- An inverted yield curve has preceded every recession since 1969.
- The inventor of the famed indicator said it is accurately predicting a downturn this year.
- When the yield curve inverted in November 2022, he said it was a false signal.
Wall Street has ramped up its soft-landing calls for 2024, but a renowned economic expert who popularized the most famous recession indicator in markets says to expect a downturn this year.
Campbell Harvey is a Canadian economist and researcher at Duke University whose work showed that, for decades, an inverted yield curve — that is, when short-term Treasury yields exceed the yield on longer-term government bonds — has preceded as US recession.
Dating back to 1968, the indicator’s predictive power is eight for eight, with zero false signals. Harvey told host Jack Farley on the Forward Guidance podcast Thursday that given that yields inverted in the fall of 2022, this suggests a recession will happen in the first or second quarter of this year.
He had predicted previously that the indicator may turn out to be wrong this time, given the strength in the labor market and other positive economic data. However, he’s reversed that outlook.
“I had some credibility in saying ‘my model could be wrong’ because it’s my model,” Harvey said. “Essentially I was saying it might be possible to dodge a recession, but this was really contingent on the Fed standing down — and this is one year ago — so standing down and not hiking rates any further. And that is not what happened.”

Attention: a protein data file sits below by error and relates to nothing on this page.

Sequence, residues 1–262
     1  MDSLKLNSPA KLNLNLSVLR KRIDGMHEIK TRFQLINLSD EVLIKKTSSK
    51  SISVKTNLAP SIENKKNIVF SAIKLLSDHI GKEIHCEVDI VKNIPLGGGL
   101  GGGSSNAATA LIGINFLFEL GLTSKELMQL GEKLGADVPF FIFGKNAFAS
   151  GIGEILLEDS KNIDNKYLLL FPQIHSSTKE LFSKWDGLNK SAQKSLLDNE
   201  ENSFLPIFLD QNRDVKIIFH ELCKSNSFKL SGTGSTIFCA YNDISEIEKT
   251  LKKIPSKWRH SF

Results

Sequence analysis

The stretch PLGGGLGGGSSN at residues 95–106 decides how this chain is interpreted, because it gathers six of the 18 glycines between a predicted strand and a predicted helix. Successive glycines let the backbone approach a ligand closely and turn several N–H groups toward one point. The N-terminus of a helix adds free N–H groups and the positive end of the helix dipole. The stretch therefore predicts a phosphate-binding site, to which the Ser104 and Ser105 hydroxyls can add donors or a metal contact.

The Federal Reserve hiked rates 11 times in the 2022-2023 cycle, spiking its benchmark rate from near 0% to a range of 5.25%-5.50%.
“As a result, I’ve kind of revised my opinion,” he continued. “Given the circumstances, I think it is likely we do see much slower growth in 2024.”
He said the inverted yield curve, in one sense, is a self-fulfilling prophecy as it signals to companies and investors that a slowdown is looming, which then alters spending and business behavior and ultimately leads to less activity.
“It makes the yield curve causal,” Harvey said. “This causality channel is much different than in the past.”
And the inversion itself also isn’t the final call on a recession, as experts have noted that it is actually when the curve de-inverts and long-term yields again exceed those of short-term bonds that signals a downturn has arrived.
Given its perfect track record, Harvey noted that the indicator is currently allowing firms to make smarter decisions in the current landscape and operate with more caution. Unlike the global financial crisis in 2008, he said companies are more strategic and managing risk, so he’s hopeful that there won’t be severe layoffs coming.
“Indeed it could come to the point where the indicator could come to the point where the indicator just loses its ability to forecast,” he said, “but I don’t think we’re there yet.”
Written by: Phil Rosen @Business Insider
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